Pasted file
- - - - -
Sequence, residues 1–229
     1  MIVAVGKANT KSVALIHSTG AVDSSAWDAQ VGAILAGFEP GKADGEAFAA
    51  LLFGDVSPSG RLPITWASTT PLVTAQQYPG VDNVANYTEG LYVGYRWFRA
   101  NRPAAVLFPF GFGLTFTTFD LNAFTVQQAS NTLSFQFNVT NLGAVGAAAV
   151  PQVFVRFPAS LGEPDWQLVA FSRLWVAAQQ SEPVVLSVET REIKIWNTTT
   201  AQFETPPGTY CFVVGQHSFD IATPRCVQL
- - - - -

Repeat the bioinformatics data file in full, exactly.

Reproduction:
Sequence, residues 1–229
     1  MIVAVGKANT KSVALIHSTG AVDSSAWDAQ VGAILAGFEP GKADGEAFAA
    51  LLFGDVSPSG RLPITWASTT PLVTAQQYPG VDNVANYTEG LYVGYRWFRA
   101  NRPAAVLFPF GFGLTFTTFD LNAFTVQQAS NTLSFQFNVT NLGAVGAAAV
   151  PQVFVRFPAS LGEPDWQLVA FSRLWVAAQQ SEPVVLSVET REIKIWNTTT
   201  AQFETPPGTY CFVVGQHSFD IATPRCVQL